According to the College of Podiatry, the average person walks 150,000 miles in their lifetime, so it's important we look after our feet!  

Horder Healthcare’s Mr Andrew Skyrme, an orthopaedic surgeon and specialist in lower limb problems, gives his advice on treating the most common foot conditions: bunions, arthritis of the big toe, plantar fasciitis, Morton’s Neuroma and flat feet in adults.

Bunions

What are bunions?

A bunion (hallux valgus), is a bony lump on the side of your foot at the base of your big toe. They’re not always painful but they can affect how you walk.

Comparison of a healthy food and a foot with a bunion. There is a bony lump on the side of the foot at the base of the big toe.

What causes bunions?

‘Your genes are definitely a factor in whether you’ll get bunions or not,’ says Mr Skyrme. ‘As are other factors such as wearing high heels which can cause changes in the front of your feet which cause weakness and make the bunion development worse.’ ‘They are also sometimes associated with arthritis of the joint at the base of your big toe.’

What can help people suffering from bunions?

 Self-help: ‘It’s not inevitable that you’ll need surgery - wearing wider fitting shoes can help,’ advises Mr Skyrme. Other self-help measures include using painkillers, bunion pads, orthotics and bunion splints which slip into the shoe - a podiatrist would be able to advise you on these.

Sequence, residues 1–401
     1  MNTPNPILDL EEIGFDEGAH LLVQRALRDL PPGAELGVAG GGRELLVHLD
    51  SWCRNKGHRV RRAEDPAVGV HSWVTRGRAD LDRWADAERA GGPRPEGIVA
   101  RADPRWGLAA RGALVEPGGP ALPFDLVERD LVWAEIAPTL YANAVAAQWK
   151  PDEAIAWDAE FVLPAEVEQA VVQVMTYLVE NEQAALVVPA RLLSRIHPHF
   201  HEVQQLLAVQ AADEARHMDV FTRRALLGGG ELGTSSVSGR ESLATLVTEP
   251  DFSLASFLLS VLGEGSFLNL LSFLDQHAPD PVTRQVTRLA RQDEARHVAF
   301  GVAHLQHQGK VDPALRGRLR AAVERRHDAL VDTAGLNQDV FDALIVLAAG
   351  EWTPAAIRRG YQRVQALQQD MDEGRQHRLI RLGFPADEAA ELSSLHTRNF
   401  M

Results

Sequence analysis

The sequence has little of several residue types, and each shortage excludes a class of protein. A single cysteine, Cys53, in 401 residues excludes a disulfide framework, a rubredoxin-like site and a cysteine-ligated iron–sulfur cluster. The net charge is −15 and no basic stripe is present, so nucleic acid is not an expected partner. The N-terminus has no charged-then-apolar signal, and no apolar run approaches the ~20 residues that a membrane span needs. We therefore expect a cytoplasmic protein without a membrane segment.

• Surgery: In some cases though, you may need surgery to straighten your big toe so your foot can sit more comfortably in normal shoes. Most types of surgery take around six weeks to recover from. If you have bunions or think you may have, a podiatrist or orthopaedic consultant will be able to diagnose the condition and recommend treatment.

There are around 50 different surgical techniques for relieving bunions. The operation may involve removing the bunion, releasing or tightening ligaments around the toe, realigning your big toe, stiffening a joint and straightening your smaller toes. You can find out more in our bunion surgery page.

Learn more about bunion surgery

 

Arthritis of the big toe

What is arthritis of the big toe? 

Most people know about arthritis in the major joints of the body like the knees, hips and shoulders. However, arthritis can affect any joint in the body, including your big toe.

Arthritis is usually caused by wear and tear of the joint. It tends to be painful and restrict movement of the big toe. Hallux Rigidus (which means stiff big toe in Latin) refers to difficulty in bending the toe upwards, and sometimes an extra bump of bone can form on the top of the toe, whilst Hallux Limitus refers to limited movement within the big toe.

Diagram showing two different types of toe problems associated with arthritis – Hallus Rigidus and Hallus Limitus.

What causes arthritis in the big toe joint?

Arthritis can affect anyone, but athletic types tend to be more prone to arthritis in the feet as the joint is more likely to come under stress. It causes pain in the big toe which feels worse when walking or running. Your doctor should be able to distinguish it from other causes of a painful big toe which may include gout, rheumatoid arthritis and diabetes.